2023 Regulatory Trends, Reading Between the Fines
The complex regulatory landscape continues to shift for financial services firms. Evolving enforcement trends, new regulatory expectations, and emerging legal challenges dominated discussions in the recent “2023 Regulatory Trends: Reading Between the Lines” webinar presented by industry experts Brian Rubin and Andrew Mount of Eversheds Sutherland and Tiffany Magri of Smarsh.
Examining key metrics across SEC and FINRA activity this past year provides crucial insights into what may be in store for 2024. Enforcement numbers reveal some surprising declines amid concentrated and consistent discipline expansion across:
- Communications deficiencies
- Reporting failures
- AML breakdowns
- Suitability actions
Constitutional courtroom battles brew as the industry tracks implications. With stabilizing fines but plunging restitutions, ongoing transparency and accountability pressures, and continued regulatory unpredictability, firms must strategically navigate fluid challenges.
This webinar recap explores developments through an enforcement data lens while contextualizing potential trajectories.
SEC enforcement actions
The Securities and Exchange Commission (SEC) witnessed significant shifts in its enforcement landscape, signaling notable increases and decreases in various key metrics. The SEC filed a total of 784 enforcement actions during fiscal year 2023. This represented a 3% increase compared to the preceding year.
A noteworthy trend emerged in the commission's actions against broker-dealers, with 140 cases brought forward. This marked a substantial 6% uptick from the previous fiscal year's 132 cases. Broker-dealer actions constituted 18% of the SEC's overall enforcement efforts.
The SEC reported a 20% decrease in combined enforcement actions against investment advisers and investment companies. The 139 cases brought in fiscal year 2023 reflected a notable decline from the 174 cases in the prior year. Additionally, the percentage of overall cases attributed to investment advisers and investment companies in 2023 declined to 18% from 23% in 2022. This was surprising given the SEC’s statement that they wanted to increase examinations in this area.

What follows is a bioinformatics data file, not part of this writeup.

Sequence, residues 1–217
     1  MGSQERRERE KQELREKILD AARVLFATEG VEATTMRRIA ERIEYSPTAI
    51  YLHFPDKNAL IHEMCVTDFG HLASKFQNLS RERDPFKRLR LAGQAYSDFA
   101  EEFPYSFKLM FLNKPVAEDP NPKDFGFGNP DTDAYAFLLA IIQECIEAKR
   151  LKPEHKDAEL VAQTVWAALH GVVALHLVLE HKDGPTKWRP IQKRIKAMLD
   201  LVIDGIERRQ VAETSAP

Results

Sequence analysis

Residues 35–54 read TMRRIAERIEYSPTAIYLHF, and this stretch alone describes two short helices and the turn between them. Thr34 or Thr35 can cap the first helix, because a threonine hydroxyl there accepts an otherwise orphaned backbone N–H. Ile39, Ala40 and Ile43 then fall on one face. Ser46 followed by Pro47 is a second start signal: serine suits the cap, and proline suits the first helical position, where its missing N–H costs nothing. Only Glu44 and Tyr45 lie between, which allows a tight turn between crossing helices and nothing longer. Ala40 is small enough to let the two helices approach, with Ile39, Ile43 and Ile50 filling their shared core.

The numbers are in for the SEC in 2023. The SEC's approach to financial remedies decreased in fiscal year 2023. The commission assessed over $4.949 billion in financial remedies, encompassing penalties and disgorgement. This figure represented a significant 34% reduction from the $6.4 billion in financial remedies ordered in the previous fiscal year.
SEC enforcement highlights and regulatory actions
The SEC highlighted key enforcement actions, particularly addressing off-channel communications. Across 23 cases involving broker-dealers, investment advisors, and dual registrants, the SEC addressed the persistent failure to preserve work-related text communications sent by employees on personal devices.
Firms collectively paid $400 million in penalties in 2023, ranging from $2.5 million to $125 million. Notably, SEC orders included admissions of wrongdoing and undertakings, mandating the retention of independent compliance consultants to review policies and procedures, training, and measures preventing off-channel communications.
In September, the SEC enforced the updated Marketing Rule, penalizing nine Registered Investment Advisers (RIAs) for advertising hypothetical performance without mandated policies. The resultant civil penalties amounted to $850,000. Ongoing scrutiny and investigations signal an expectation of further cases related to Marketing Rule violations.
The Financial Industry Regulatory Authority (FINRA) also had some significant shifts this last year. FINRA filed 287 enforcement cases, representing a significant 35% decrease from the 407 cases reported during the same period in 2022. It's important to note that year-end reporting often results in the inclusion of additional cases.
However, the overarching trend points to a decline in enforcement actions for 2023. Extrapolating the 2023 figures until the end of the year suggests an estimated 329 filed enforcement actions, reflecting a significant decrease compared to the recorded 465 cases in 2022.
Year-to-date 2023 has seen $47 million in fines imposed by FINRA, showcasing a 4% increase from the total fines of $45 million in 2022. The 2023 fine numbers suggest a potential $54 million in fines for the year, indicating a possible upward trend. However, this projection is subject to change with additional year-end reporting. Approximately $9 million has been paid in restitution disgorgement year-to-date in 2023, marking a significant 200% decrease from the $27 million paid in 2022. The reduction in restitution disgorgement is unexpected, considering FINRA's longstanding emphasis on prioritizing this aspect of enforcement.
FINRA enforcement highlights and regulatory actions